Yu-Gi-Oh! Nightmare Troubadour will satisfy your dueling itch, as long as you don't expect to use your real deck.

User Rating: 6 | Yu-Gi-Oh! Nightmare Troubadour DS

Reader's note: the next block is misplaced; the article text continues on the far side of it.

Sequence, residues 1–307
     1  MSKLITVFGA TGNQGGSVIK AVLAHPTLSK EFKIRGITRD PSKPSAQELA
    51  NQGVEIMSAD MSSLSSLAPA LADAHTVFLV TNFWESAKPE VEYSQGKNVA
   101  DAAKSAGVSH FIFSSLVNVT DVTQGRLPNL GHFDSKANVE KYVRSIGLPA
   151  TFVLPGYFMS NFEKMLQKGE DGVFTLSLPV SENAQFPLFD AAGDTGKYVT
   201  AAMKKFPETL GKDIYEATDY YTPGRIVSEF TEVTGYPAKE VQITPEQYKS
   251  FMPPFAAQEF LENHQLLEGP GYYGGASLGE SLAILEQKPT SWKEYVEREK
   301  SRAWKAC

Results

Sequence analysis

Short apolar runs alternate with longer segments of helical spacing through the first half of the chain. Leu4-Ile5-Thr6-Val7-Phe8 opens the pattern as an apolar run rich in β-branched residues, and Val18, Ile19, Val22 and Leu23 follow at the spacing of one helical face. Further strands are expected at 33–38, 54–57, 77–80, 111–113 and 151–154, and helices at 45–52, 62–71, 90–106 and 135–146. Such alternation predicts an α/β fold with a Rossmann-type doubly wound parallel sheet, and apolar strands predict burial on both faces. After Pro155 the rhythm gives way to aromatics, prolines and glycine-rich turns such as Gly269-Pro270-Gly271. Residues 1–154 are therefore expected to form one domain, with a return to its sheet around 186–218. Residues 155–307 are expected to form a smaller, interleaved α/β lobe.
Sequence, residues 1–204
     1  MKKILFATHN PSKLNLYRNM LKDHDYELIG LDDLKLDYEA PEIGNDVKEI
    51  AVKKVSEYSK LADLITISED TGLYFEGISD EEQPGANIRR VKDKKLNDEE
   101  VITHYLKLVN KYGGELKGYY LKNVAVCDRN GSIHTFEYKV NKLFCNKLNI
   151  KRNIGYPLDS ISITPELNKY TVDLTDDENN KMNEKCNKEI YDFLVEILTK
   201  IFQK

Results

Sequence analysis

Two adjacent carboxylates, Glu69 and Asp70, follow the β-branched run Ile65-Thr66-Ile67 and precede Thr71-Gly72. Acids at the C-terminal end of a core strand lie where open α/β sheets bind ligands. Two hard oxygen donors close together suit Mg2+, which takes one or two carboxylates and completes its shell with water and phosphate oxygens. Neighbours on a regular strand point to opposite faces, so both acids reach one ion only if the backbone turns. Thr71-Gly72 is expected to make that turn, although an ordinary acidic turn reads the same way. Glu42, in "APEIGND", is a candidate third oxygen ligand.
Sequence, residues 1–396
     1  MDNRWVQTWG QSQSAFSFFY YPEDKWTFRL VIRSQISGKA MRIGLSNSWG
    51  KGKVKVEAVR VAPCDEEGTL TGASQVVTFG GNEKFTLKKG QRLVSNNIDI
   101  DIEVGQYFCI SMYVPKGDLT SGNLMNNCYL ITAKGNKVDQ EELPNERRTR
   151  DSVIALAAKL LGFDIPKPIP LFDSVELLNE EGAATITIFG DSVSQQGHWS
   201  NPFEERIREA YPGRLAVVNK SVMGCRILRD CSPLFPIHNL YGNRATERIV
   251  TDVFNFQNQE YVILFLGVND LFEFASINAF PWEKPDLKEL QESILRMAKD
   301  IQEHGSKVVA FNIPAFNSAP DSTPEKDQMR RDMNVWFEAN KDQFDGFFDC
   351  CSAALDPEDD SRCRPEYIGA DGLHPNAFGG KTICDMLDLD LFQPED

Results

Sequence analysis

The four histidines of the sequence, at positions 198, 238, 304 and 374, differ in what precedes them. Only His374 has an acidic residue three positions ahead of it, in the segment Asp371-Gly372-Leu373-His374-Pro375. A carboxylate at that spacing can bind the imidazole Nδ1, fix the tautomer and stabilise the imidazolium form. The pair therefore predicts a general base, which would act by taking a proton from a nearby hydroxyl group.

Yu-Gi-Oh Nightmare Troubadour is a card battling game for the DS. Most people interested in the game have watched the cartoon and played the card game that it's based on, so the premise will be immediately familiar. Players new to the game can listen to a small tutorial at the beginning. The graphics are a notch above previous Yu-Gi-Oh titles. The characters portraits look wonderful--They're highly detailed. The 3D Monster sprites look pretty good too. Sadly, the monsters only sway, and aren't seen attacking. To me, this is only a minor fault, but other players may be disappointed. The screen shows the duel in two ways, the bottom screen has the touch commands and a picture of what's happening on the game mat. The game could be played only with the bottom screen if you wanted. The music didn't fare as well, though. The battle music can be kinda catchy, but nothing you'd really remember. Then a lot of it is under average, mostly in events and in your room. Then there are a few obvious translation issues as well. At the end of every day, your character will say "Let's already return". It's nothing that changes game play, and most of it is fine, but it's really annoying. The gameplay gets the job done. In battle touch controls are well done and work well. However, to find opponents you have to find a random opponent using a map of the city. It seems unnecessary-- I'd really rather just pick who I want to play with. To make matters worse, some players only show up at specific times of the day. Having to get through Rex Raptor and Espa Roba to get to dueling Joey, Yugi, or Kaiba is a major Drag. The game features multi-card DS Wireless, so you can duel friends who have the game. The games lacks wifi, of course. My biggest complaint about the game is the selection of cards. It features over a thousand cards, but this just isn't enough. The chances of every card in your deck being in the game are minimal. The reason I bought it was to be able to test my deck against the computer. Well, that didn't work out. So to me it was a disappointment. However, for duelists looking to test their skills, many challenging puzzles were included. In the end, Yu-Gi-Oh! Nightmare Troubadour is a serviceable translation of the popular trading card game on the Nintendo DS. It could have been better, but it might be worth it to you at it's discounted price.